According to the WHO Guideline on Cancer Pain Relief (second edition), pain treatment should consist of three steps:
: For mild pain: non-opioid analgesics (e.g., paracetamol), to which an adjuvant can be added if necessary.
When a non-opioid no longer adequately controls the pain, an opioid analgesic should be added.
: For mild to moderate pain: weak-acting opioid analgesics, to which non-opioid analgesics and adjuvants can be added if necessary.
If the pain is persisting or increasing, proceed to Step 3.
: For moderate to severe pain: strong-acting opioids, to which non-opioid analgesics and adjuvants can be added if necessary.
If the pain is increasing, the dosage of the opioid should be increased in steps until the patient is free of pain. The effective analgesic dose of morphine varies considerably and ranges from as little as 5 mg to more than 1000 mg every 4 hours. The effective dose varies partly because of individual variations in systemic bioavailability. The correct dose is the dose that works.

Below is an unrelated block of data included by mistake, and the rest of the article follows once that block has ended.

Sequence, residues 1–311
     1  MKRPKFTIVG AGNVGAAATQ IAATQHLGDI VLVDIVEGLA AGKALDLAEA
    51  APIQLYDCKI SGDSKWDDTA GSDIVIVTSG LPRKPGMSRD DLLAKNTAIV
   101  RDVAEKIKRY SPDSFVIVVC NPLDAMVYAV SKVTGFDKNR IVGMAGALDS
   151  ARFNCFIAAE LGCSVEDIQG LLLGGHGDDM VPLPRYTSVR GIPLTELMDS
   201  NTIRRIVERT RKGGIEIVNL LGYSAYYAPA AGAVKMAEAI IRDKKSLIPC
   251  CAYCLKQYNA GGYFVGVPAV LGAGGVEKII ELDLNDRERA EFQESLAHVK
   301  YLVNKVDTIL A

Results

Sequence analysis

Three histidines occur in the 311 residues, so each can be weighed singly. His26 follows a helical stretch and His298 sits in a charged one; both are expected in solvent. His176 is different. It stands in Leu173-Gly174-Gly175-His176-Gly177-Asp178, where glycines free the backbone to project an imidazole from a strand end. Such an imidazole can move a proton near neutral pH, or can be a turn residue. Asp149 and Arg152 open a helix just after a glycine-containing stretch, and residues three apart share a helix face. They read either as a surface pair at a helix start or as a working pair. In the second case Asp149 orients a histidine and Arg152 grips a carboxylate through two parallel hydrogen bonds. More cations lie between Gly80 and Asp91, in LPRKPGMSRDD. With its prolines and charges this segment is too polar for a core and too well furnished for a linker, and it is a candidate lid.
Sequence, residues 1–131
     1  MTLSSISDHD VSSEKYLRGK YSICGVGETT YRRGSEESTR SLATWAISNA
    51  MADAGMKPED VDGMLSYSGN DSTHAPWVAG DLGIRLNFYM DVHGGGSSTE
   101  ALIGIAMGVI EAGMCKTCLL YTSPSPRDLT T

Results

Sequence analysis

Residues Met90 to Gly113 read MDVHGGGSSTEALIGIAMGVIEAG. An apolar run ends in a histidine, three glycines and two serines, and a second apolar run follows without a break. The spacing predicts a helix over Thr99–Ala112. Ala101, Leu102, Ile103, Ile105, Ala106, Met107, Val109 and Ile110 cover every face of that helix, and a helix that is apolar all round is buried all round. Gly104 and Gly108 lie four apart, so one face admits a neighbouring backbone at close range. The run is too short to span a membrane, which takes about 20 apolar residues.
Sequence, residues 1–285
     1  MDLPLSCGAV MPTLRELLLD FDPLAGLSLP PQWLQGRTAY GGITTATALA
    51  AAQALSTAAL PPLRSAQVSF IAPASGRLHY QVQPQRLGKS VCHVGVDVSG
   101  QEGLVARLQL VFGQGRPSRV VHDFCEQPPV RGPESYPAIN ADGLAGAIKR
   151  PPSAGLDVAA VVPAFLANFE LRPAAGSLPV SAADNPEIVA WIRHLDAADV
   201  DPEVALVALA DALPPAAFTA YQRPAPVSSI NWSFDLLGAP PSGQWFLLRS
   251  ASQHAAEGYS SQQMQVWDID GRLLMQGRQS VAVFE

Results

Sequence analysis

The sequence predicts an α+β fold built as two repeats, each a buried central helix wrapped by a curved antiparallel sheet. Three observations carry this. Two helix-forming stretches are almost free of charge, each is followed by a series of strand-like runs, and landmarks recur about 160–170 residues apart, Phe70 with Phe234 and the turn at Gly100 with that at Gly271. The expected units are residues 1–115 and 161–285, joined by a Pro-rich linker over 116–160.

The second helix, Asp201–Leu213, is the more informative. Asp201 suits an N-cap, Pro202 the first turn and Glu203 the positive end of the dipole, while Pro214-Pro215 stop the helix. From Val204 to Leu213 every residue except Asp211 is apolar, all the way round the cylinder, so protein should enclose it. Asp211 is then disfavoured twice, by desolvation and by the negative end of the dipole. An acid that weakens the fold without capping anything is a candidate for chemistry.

Five principles on managing pain
The five principles on managing pain are also part of this method:
1. By mouth, meaning that oral administration if possible is preferred.
2. By the clock, meaning that administration should be given in regular intervals and one should not wait for the pain to return.
3. By the ladder, as explained above.
4. For the individual, as opioid kinetics vary tremendously from person to person, one cannot prescribe standard dosages.
5. Attention to detail should be given.
WHO. Use of controlled medications in pain treatment. Internet. Accessed on January 24, 2016.